Clients paid tens thousands of dollars so babies could get birthright citizenship
Source: Teri Webster
Federal authorities have indicted 19 people allegedly involved in so-called birth tourism businesses that brought hundreds of pregnant women into the U.S. to give birth. The schemes operated across Southern California and raked in millions of dollars by charging clients — most of them from China — tens of thousands of dollars for coaching on how to get into the U.S.
The cases represent the first time that federal criminal charges were filed against operators and customers of so-called birth tourism businesses, according to an announcement from the U.S. Attorney’s Office. The operations are also reportedly linked to “widespread immigration fraud” and international money laundering.
How did this work?
Under the scheme, foreign nationals applied for U.S. visitor visas to then lied about the length and purpose of their visits. Their goal was to stay in the U.S. for at least three months so they could give birth and their babies would attain birthright citizenship.
Clients allegedly were coached to tell the U.S. consulate in China that they would be staying in the U.S. for just two weeks. They also reportedly wore loose clothing to conceal their pregnancies while passing through U.S. Customs. Additionally, the clients were told to fly from China to Hawaii because it supposedly has easier customs screening procedures.
Many of the customers also “failed to pay all of the medical costs associated with their hospital births, and the debts were referred to collection,” the announcement said.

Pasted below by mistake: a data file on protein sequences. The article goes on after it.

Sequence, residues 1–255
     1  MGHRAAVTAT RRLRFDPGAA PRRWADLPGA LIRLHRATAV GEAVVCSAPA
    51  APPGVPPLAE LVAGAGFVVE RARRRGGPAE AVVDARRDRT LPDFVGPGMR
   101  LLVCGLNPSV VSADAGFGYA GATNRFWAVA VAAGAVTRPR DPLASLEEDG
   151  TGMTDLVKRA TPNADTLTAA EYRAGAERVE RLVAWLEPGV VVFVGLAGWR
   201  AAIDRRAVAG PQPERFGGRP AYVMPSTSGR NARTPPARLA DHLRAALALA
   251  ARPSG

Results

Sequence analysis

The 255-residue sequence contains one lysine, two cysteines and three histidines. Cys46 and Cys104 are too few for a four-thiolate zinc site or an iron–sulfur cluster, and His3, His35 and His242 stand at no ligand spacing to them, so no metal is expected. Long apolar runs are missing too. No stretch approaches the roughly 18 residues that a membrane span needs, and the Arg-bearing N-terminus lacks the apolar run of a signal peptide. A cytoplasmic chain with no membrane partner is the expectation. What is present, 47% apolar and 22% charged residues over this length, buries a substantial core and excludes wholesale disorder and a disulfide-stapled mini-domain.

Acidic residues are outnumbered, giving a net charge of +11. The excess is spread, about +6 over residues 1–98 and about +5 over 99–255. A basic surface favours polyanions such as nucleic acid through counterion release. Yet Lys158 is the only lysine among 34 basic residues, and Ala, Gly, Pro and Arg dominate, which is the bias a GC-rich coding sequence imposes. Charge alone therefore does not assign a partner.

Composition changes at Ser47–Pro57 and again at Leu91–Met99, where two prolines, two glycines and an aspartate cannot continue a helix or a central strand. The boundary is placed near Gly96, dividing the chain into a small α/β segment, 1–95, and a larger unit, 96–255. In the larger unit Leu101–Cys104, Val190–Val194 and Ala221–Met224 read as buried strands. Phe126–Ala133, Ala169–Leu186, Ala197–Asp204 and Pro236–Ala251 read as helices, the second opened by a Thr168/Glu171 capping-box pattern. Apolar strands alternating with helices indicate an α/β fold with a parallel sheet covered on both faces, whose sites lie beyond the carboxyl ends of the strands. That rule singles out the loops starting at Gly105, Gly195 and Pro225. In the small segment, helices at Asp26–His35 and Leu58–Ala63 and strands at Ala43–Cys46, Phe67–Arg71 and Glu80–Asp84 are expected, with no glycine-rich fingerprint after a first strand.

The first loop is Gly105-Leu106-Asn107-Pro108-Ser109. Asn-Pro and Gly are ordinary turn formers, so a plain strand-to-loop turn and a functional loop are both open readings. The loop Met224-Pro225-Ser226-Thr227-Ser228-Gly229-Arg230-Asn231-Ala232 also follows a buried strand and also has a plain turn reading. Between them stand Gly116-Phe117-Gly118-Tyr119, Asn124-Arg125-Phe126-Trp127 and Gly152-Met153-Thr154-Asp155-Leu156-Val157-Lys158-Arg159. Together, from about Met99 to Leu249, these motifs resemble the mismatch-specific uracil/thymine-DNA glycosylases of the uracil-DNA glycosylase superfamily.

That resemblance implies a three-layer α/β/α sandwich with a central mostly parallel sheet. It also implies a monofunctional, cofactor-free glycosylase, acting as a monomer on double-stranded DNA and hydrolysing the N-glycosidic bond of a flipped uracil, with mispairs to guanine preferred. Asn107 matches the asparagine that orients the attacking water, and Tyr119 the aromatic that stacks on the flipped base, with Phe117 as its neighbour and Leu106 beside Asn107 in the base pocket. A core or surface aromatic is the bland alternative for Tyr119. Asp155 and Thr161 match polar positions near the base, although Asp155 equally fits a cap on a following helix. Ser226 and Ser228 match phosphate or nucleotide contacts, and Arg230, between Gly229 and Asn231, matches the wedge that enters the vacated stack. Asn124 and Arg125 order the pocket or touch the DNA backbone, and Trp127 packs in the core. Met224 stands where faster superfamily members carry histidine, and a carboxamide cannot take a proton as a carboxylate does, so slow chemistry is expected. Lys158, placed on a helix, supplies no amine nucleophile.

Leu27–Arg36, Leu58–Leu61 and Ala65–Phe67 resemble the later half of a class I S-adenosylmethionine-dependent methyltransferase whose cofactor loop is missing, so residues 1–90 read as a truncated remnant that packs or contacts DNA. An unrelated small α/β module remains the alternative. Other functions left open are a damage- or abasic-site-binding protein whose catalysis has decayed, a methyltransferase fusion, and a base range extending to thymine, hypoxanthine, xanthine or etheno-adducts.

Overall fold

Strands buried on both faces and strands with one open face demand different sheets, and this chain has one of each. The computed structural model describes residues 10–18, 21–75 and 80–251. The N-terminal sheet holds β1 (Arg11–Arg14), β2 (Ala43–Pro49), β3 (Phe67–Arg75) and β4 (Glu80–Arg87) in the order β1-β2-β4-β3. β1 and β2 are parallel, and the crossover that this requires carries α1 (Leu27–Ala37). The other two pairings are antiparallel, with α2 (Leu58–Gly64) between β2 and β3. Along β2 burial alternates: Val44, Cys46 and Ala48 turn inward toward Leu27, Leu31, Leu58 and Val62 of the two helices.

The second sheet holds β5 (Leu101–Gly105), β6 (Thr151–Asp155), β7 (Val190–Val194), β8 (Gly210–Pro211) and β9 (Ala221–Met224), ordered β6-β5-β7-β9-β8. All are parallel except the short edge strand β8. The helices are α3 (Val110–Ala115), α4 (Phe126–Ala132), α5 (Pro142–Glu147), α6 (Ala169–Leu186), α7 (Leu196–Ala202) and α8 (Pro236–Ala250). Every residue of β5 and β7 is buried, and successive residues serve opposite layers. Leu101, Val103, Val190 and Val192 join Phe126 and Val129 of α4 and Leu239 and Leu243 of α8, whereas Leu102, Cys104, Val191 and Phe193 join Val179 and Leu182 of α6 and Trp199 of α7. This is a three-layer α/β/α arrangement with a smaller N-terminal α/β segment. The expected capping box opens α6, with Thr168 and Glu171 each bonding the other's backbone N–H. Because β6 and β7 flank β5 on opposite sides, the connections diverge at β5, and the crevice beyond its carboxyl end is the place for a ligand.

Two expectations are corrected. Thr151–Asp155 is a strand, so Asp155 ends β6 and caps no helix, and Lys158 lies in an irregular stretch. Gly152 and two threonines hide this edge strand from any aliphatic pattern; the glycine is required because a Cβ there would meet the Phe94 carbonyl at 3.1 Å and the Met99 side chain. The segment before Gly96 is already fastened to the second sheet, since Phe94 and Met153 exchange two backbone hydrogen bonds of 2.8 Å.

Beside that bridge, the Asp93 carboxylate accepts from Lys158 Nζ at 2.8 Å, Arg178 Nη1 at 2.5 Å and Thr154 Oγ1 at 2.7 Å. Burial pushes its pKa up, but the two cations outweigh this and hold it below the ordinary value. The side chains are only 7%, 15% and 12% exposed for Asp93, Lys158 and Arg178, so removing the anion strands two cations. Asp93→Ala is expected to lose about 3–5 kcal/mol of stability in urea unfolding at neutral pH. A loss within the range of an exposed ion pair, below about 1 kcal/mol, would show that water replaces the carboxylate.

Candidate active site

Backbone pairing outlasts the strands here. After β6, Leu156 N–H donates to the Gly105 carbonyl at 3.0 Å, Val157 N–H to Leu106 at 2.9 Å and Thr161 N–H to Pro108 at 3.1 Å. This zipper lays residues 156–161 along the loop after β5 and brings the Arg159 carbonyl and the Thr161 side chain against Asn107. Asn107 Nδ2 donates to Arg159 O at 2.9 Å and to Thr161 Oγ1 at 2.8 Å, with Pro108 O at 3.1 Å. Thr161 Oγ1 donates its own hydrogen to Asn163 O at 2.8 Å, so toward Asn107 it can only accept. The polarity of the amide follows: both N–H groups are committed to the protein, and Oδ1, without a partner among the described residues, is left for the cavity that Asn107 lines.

“These cases allege a wide array of criminal schemes that sought to defeat our immigration laws – laws that welcome foreign visitors so long as they are truthful about their intentions when entering the country,” U.S. Attorney Nick Hanna said in a statement.
On Wednesday, a federal grand jury charged alleged operators of birth tourism businesses in Orange, Los Angeles, and San Bernardino counties in California.
Dongyuan Li, 41, of Irvine; Michael Wei Yueh Liu, 53, of Rancho Cucamonga; and Jing Dong, 42, of Fontana were all charged with conspiracy to commit immigration fraud, international money laundering and identity theft. Liu is also charged with filing three false tax returns, the announcement states.
How did they get clients?
To lure customers, operators told them that they’d have the chance for a free education, a better political climate, less pollution, and shot at U.S. government jobs, among other perks.
Wen Rui Deng, 65, a former Irvine resident now believed to be in China, was also indicted this week. He is believed to have run Star Baby Care, in Los Angeles County, which was one of the largest birth tourism scheme in the U.S. The business boasted online that it helped 8,000 pregnant women, including about 4,000 from China, give birth in the U.S. since it was started in 1999. The business reportedly worked with “30 apartments in Rowland Heights and 10 properties in Irvine, including some houses.”
Additionally, there are 16 fugitive defendants who may have fled the country.